Coptic Christians Pelted With Rocks, Four Churches Closed as Government Treats Prayer ‘as a Crime’

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SHAFAQNA – Coptic Christians in Egypt have said that they have been pelted by rocks while the government in the southern province of Minya has closed down four churches this past month, much to the protest of the believers.

“We stayed silent for two weeks after the closure of a church hoping that the officials would do the job they were assigned to do by the state. However, this silence has led to something worse, as if prayer is a crime the Copts should be punished for. The Coptic Christians go to the neighboring villages to perform their prayers,” the Coptic Orthodox Archbishop of Minya said in a statement, as reported on Sunday.

“What happened within two weeks, hasn’t happen over years; churches are closed, the Coptic Christians are being attacked and their property destroyed, and there is no deterrent. The bargaining and the balance are usually used under the name of peaceful coexistence. The Copts always pay the price of this coexistence, not the aggressors,” the statement continued.

It further called the reaction from Egyptian authorities “disappointing,” and argued that whenever there is an attack on Copts, aggressors are treated with impunity.

Coptic Christians have complained that they have been harassed and pelted with rocks at churches, Reuters noted.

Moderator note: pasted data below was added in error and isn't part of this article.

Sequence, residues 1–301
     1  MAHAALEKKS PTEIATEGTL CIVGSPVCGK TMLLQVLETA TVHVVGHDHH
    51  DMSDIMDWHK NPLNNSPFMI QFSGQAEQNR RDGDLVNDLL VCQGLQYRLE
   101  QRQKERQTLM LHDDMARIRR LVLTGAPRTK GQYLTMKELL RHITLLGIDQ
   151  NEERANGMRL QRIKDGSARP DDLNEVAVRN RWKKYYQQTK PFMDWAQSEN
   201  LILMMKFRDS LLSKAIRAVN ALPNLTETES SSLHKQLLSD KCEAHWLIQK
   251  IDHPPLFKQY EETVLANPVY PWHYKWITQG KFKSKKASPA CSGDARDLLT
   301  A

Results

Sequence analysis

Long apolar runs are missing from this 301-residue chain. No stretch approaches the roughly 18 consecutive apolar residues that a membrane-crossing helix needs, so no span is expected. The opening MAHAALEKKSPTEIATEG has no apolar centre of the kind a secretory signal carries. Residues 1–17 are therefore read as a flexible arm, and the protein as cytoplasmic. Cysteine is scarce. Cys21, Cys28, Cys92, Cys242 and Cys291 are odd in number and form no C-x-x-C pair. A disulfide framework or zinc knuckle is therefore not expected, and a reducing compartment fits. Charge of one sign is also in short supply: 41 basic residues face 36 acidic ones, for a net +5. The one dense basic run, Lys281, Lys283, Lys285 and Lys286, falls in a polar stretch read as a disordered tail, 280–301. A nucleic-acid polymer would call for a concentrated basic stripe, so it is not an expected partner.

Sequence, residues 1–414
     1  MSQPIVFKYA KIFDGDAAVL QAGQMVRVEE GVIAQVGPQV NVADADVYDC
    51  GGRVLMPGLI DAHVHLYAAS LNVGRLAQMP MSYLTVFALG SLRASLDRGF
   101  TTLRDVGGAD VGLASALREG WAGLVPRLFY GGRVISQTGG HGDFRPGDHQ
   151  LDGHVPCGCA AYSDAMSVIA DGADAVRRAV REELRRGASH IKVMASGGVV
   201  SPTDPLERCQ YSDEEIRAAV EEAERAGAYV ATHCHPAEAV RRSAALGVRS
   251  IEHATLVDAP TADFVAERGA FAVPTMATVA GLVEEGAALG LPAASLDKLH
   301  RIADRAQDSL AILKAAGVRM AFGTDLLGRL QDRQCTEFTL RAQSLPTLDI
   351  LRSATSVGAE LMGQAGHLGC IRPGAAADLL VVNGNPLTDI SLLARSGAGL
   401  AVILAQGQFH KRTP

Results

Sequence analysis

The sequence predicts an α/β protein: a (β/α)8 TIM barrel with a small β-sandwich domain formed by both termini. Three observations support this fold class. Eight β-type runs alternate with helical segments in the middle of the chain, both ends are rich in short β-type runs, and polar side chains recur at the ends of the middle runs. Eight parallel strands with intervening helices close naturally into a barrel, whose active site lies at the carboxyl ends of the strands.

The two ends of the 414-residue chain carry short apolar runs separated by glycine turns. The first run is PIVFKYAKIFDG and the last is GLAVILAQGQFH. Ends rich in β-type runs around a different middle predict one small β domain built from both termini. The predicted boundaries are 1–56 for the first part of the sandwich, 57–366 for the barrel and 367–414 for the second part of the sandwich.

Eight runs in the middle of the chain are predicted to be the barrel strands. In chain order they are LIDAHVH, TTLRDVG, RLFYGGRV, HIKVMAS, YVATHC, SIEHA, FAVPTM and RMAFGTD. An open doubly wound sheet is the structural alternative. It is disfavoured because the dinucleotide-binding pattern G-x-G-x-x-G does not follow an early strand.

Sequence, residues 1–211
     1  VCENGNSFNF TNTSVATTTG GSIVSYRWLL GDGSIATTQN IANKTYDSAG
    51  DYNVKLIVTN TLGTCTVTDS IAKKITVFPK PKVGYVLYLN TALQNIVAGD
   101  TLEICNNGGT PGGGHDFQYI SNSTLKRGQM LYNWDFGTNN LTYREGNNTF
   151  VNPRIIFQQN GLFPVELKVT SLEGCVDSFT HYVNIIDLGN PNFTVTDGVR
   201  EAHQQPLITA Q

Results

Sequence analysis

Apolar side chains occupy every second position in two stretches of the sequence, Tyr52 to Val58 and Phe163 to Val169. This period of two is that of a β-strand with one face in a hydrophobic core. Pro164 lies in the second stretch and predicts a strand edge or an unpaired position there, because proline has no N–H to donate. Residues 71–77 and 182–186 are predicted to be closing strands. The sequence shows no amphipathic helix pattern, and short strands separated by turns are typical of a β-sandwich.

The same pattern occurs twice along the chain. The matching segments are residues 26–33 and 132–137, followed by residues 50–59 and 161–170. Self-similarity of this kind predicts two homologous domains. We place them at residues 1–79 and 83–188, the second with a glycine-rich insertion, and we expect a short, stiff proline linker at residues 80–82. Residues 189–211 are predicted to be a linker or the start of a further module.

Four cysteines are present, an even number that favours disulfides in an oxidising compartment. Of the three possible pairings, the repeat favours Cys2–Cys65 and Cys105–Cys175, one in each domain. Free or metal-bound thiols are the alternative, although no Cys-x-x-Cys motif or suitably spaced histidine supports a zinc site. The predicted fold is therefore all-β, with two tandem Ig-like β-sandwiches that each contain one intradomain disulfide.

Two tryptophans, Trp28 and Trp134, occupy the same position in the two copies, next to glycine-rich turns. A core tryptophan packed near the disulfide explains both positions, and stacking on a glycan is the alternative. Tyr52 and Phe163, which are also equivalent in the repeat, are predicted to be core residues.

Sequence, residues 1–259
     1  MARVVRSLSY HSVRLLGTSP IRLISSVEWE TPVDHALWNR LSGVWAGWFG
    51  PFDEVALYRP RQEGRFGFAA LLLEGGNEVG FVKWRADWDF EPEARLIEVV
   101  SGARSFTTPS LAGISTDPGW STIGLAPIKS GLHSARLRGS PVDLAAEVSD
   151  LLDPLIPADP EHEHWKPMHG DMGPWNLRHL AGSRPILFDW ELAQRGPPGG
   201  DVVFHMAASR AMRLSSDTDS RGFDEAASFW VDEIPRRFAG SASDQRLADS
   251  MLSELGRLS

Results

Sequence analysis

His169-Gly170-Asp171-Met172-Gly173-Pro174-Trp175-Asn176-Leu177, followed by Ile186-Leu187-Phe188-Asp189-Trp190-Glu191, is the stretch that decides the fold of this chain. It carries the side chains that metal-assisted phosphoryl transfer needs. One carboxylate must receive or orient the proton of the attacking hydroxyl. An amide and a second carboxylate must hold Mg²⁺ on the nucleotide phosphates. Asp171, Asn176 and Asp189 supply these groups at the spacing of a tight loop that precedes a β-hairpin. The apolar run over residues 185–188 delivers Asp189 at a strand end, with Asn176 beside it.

The Minya security directorate has not yet commented on the statement from the Minya diocese. The government has vowed to protect Christians from violent Islamic attacks on a number of occasions, though Christians have complained that not enough is being done to secure their safety.

A number of families who have been forced to flee North Sinai said in a statement in May that they are “suffering” due to neglect.

“We are the families displaced from al-Arish to Port Said in February. We are living inside small rooms inside the youth camps and the aid building. We are suffering and none of the officials or the Port Said governor will listen to us,” the statement read at the time.

“As time passed, 28 families remained in the camps and aid buildings. Three months passed without any attention from the government or officials in Port Said. The governor then declared that there was a lack of residential houses to transfer the families to, in addition to a lack to jobs, which forced the martyr Nabil Saber to return to Arish, where he was killed — a message to every Copt thinking about returning.”

The statement came following a deadly attack by IS gunmen on a group of Copts traveling to a monastery in Minya, which left 29 believers dead and 24 others wounded.

Bishop Anba Angaelos of the Coptic Orthodox Church in the U.K. also recently condemned the killing of priests in Egypt, such as the fate of Samaan Shehta, who was murdered in Cairo by a suspected IS radical.

“While recognizing that anger may often open a path to hatred or resentment, there are times at which it is a natural expression of a human emotion, and reaction to a sense of deep injustice. I am sure that I am not alone in my anger, but that it is shared by every law-abiding person of any belief and indeed of none, who has witnessed this vicious and inhumane attack,” Angaelos wrote about the killing.

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